And then there’s the wastage.  These clothes that we are making here aren’t exactly designed and made to stand the test of time.  These clothes have been manufactured as quickly as physically possible using fabrics that have been engineered to be made in the cheapest possible way.  You will be lucky if they last a few years at most.  Some of them will shrink beyond wear on the first time you wash them, or the dye will run into your other clothes in the wash.  The fact that we are making ‘fast fashion’ clothing means that they will probably go off trend within a couple of months.  And even if there is nothing wrong with the garments, who wants to wear something that is out of fashion?  I mean the scale and quantity that we are talking here is just sickening.  It’s not just my company doing this, we are talking about hundreds, maybe even thousands of suppliers all making product in this way. 

 

On a weekly basis I would go to the shops and have a look at new garments in on the highstreet.  There were hundreds of new styles in store every week and regardless of whether the old stuff on the shop floor has sold or not, they have to make space for the new.  We are talking constant change, and constant marking down of clothes into sale.  And then there is wastage in all aspects of the chain….. garments that have been made wrong, garments that aren’t selling, fabric that has been produced incorrectly….. the list goes on.

 
This is probably where half the clothes I have designed end up, in a trash heap or floating in the sea.

This is probably where half the clothes I have designed end up, in a trash heap or floating in the sea.

 

 

Sometimes when I did my weekly trip to the highstreet I would look around in despair at the sheer scale of the industry and physically feel sick.  I knew that I was contributing to this mass global consumerism, and I was responsible for this enormous unnecessary waste.  The fact that I wasn’t the one buying these clothes was no comfort to me any more, because I was doing an even worse thing.  I was the one designing the stuff purely to sell on a mass scale and the guilt was too much to bare.

 

I stayed at my workplace another few years before I found the courage to leave.  It has been an 8 and a half year rollercoaster of success, then realisation, but all made bearable because of the amazing team that I worked with, which made day to day life enjoyable.  In the end, I had stayed such a long time because it was the easier thing to do then to confront my morals and find a new path.  Me leaving was never anything personal against my company because they had always looked after me so well, but I was having problems with the industry as a whole, it’s ethics and it’s wastefulness.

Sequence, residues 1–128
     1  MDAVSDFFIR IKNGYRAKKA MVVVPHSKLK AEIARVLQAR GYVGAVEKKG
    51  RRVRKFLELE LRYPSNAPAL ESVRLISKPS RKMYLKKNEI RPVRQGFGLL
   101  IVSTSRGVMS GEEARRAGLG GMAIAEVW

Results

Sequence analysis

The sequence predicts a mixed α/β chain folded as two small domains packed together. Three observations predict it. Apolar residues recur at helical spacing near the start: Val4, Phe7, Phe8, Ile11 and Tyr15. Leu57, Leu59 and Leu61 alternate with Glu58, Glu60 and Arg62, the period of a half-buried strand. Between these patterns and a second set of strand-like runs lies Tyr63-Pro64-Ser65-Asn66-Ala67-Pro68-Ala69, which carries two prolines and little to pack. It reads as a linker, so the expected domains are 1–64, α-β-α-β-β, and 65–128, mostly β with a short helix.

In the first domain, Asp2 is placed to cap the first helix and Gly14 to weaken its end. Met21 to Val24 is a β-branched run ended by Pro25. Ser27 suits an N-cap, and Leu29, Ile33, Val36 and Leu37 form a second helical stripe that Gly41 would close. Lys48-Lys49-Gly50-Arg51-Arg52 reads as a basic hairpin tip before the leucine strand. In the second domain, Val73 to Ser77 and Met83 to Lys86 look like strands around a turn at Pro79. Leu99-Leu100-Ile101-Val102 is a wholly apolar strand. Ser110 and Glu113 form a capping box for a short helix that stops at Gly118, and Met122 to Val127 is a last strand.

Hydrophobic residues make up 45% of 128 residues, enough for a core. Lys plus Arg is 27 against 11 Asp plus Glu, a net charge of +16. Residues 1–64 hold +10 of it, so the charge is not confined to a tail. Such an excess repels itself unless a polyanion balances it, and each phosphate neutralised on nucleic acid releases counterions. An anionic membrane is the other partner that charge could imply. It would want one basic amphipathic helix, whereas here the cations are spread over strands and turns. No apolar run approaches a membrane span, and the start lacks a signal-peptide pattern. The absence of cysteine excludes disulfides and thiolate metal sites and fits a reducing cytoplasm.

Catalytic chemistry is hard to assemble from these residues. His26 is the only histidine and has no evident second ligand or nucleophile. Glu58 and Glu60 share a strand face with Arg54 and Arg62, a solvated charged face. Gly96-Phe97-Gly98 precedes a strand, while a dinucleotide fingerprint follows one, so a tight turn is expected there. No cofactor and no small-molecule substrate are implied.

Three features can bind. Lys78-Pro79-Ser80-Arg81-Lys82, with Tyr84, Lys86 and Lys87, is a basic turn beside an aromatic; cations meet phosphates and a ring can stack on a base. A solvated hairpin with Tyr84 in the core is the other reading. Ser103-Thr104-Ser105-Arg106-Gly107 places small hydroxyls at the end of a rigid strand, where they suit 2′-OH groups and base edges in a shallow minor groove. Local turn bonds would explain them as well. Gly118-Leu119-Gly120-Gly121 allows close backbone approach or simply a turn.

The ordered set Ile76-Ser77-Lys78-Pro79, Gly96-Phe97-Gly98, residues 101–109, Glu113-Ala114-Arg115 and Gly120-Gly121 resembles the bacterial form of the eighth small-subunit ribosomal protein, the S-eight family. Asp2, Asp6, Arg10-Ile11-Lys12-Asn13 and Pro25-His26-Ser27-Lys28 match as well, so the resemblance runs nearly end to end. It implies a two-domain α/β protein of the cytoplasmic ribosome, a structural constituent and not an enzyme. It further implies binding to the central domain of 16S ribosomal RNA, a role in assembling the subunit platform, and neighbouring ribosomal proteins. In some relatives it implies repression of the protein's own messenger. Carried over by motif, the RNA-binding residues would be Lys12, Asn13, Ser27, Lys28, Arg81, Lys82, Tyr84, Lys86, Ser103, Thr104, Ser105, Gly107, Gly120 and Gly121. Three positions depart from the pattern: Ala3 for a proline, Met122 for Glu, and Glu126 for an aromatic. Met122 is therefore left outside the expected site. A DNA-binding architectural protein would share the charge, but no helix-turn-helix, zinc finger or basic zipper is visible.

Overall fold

In the summer of 2017, I left my workplace to go long-term travelling with Mark.  A 10 month adventure that gave me the time and space to fully think about what I was doing in life and where it could take me.  I had done the hard bit, leaving not only a career but a family behind.  And now that the first steps had been taken, the opportunities seemed endless.  I can’t believe I hadn’t done it before now!

On the road to nowhere...

On the road to nowhere...

 

Travelling for 10 months was probably the best choice we ever made, in some ways even exceeding our decision to get married.  We realised that we could have quite easily stayed on the treadmill of living to work, without ever stepping back to think about whether it was truly what we wanted to do or not.  It’s so easy to get wrapped up in what you are doing, and I knew deep down that designing mass-produced clothing in the fast fashion industry wasn’t right for me any more, but I couldn’t see a path outside of it.  

 

Whilst we were in minus 15 degree weather in a yurt in Mongolia, Mark and I came up with an idea.  “Why don’t we set up a yurt camp of our own back at home.  We could make a really cool experience for people; we could design and make all the furniture, curate all the textiles from our travels, prepare some homemade foods and just give something back to others.”  We had experienced a warming openness from the Mongolian people and wanted to share the ethos back at home.  Although the yurt camp is still our ultimate goal (a very small one mind you with only about 3 yurts in a back garden), it’s going to be a long while before we get there mostly because it’s a big thing to set up, and we currently live in a flat in London.  We would need to sell up, have enough equity to buy a property with some land, and start building some yurts (along with a load of legal jargon that we haven’t even looked into yet!).  So to make this happen in small steps, we first want to set up a furniture/ product business, making and selling things that we have crafted by-hand, that we care about.  These pieces of furniture will hopefully work in our yurt camp one day, or we would have gained enough experience to design and make some new things to go in there anyway.  We want to try to make a living out of making things, and for us it’s not just about the products but the process too.  It’s the opportunity to experiment, to develop our skills and to be creative, maybe to end up as a skillful craftsman, who knows!

Where the idea started..... in a yurt in minus 15 conditions!